Jean Bethke Elshtain, 1941–2013
The academic who argued for a ‘just war’ in Iraq
Ethicist Jean Bethke Elshtain wrote about feminism, religion, and poverty. But she gained prominence by writing about war, after neoconservatives embraced her 2003 book Just War Against Terror for its robust defense of invading Iraq. “[War] has become my topic by default,” she said. “If we lived in less tumultuous times, I would write about it less.”
Born in rural Colorado, Elshtain was 10 when she was “stricken with polio,” said The New York Times. After relearning how to walk through years of struggle, she launched a brilliant academic career in which she “staked out positions across the political spectrum.” As a professor at the University of Chicago from 1995 on, Elshtain became “a leading public intellectual” articulating religion’s role in public policy, said The Washington Post. “Religion and politics flow back and forth in American civil society all the time,” she wrote. “Always have, always will.” She adopted the position of 4th-century Christian thinker St. Augustine that “there is a moral imperative to go into battle against forces of unambiguous evil.” In the week after the attacks of Sept. 11, 2001, she was among the religious and academic leaders invited to the White House to advise President George W. Bush on his response.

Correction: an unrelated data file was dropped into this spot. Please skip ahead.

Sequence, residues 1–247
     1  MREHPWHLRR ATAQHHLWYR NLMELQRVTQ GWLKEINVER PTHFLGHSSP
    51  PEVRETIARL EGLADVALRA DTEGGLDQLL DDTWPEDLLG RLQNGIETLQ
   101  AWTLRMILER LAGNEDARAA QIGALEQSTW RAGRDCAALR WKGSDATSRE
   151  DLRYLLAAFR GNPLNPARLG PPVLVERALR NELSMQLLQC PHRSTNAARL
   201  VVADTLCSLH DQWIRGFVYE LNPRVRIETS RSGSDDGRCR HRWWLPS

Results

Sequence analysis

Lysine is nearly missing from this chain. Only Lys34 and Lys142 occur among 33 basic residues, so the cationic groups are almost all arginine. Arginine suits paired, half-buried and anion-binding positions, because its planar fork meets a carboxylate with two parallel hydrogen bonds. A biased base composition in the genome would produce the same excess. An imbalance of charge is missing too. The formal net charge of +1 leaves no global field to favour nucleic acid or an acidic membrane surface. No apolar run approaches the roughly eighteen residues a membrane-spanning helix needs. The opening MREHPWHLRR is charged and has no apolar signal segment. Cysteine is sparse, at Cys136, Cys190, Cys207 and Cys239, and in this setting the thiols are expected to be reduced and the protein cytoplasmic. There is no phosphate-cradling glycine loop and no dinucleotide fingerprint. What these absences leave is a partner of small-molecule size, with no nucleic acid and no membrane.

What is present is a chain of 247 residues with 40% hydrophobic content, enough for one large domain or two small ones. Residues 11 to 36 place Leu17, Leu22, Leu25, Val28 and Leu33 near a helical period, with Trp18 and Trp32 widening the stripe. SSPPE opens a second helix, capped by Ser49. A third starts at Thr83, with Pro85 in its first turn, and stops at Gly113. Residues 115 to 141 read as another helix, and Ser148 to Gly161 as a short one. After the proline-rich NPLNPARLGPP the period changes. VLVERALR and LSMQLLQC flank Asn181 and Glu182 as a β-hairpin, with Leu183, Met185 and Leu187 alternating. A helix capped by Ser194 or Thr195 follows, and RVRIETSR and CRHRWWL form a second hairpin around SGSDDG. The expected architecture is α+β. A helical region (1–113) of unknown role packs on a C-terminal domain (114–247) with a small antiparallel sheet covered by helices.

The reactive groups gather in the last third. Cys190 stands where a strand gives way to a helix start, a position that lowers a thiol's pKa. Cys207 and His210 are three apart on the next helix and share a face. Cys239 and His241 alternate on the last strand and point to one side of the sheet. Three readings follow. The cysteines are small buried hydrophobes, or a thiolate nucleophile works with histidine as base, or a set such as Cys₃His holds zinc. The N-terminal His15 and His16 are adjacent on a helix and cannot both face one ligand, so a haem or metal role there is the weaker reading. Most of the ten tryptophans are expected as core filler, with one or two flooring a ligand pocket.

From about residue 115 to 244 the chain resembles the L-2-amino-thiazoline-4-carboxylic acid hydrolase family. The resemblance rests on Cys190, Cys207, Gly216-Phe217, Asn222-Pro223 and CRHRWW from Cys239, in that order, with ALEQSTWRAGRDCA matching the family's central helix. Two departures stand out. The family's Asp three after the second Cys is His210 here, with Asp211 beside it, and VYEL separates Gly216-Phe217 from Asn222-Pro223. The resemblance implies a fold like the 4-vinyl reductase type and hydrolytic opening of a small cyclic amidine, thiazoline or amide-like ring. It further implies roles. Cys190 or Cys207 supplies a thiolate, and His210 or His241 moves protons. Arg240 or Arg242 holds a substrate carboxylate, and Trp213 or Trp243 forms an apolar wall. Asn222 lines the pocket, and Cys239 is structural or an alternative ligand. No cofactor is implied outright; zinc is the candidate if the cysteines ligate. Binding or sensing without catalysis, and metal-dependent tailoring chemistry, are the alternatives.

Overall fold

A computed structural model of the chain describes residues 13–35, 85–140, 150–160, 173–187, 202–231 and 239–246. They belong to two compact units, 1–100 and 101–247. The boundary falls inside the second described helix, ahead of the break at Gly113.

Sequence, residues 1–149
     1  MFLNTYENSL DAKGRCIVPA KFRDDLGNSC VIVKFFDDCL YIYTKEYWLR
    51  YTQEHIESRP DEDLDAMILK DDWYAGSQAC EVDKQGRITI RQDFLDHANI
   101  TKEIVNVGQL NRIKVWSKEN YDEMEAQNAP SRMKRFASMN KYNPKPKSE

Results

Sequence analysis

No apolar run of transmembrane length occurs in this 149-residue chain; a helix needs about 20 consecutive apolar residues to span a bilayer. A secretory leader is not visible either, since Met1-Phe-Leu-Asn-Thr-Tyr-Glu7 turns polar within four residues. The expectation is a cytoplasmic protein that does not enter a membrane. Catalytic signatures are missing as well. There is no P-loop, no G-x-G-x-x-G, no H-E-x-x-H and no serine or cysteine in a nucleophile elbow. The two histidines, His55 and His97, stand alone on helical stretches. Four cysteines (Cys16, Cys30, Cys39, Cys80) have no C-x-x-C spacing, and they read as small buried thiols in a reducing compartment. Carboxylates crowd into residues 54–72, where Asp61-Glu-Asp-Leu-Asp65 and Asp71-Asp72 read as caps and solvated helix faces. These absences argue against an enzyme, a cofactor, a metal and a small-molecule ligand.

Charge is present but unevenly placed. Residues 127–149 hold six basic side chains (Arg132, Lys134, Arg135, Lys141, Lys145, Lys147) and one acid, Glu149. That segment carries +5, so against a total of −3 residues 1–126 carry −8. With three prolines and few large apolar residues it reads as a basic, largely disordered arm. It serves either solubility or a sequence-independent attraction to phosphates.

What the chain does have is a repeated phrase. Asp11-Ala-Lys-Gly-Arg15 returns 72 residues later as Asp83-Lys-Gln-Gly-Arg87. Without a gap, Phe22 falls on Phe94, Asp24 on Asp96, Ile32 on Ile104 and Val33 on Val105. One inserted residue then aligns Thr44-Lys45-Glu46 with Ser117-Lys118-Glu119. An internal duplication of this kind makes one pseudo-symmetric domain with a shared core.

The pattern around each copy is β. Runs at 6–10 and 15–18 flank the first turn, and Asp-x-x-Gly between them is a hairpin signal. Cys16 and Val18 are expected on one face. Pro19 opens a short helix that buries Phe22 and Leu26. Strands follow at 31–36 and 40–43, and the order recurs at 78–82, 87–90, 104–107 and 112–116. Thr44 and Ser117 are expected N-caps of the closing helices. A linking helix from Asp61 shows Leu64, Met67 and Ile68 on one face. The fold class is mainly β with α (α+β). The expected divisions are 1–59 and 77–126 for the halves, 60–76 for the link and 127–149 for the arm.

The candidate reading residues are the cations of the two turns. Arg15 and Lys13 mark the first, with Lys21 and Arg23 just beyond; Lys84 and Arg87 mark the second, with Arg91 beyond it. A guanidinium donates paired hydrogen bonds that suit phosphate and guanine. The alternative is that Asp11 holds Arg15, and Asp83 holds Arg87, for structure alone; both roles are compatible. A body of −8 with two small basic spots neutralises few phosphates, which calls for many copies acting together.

Elshtain’s 2003 book was “brutally and often unfairly attacked” by liberal academics, said WeeklyStandard.com, but she was unapologetic. “I get very irritated when people say Bush lied,” she said in 2010. “These are very dense, thick issues.… If you have a dictator savaging his own people, does the international community have any responsibility to do anything about that?”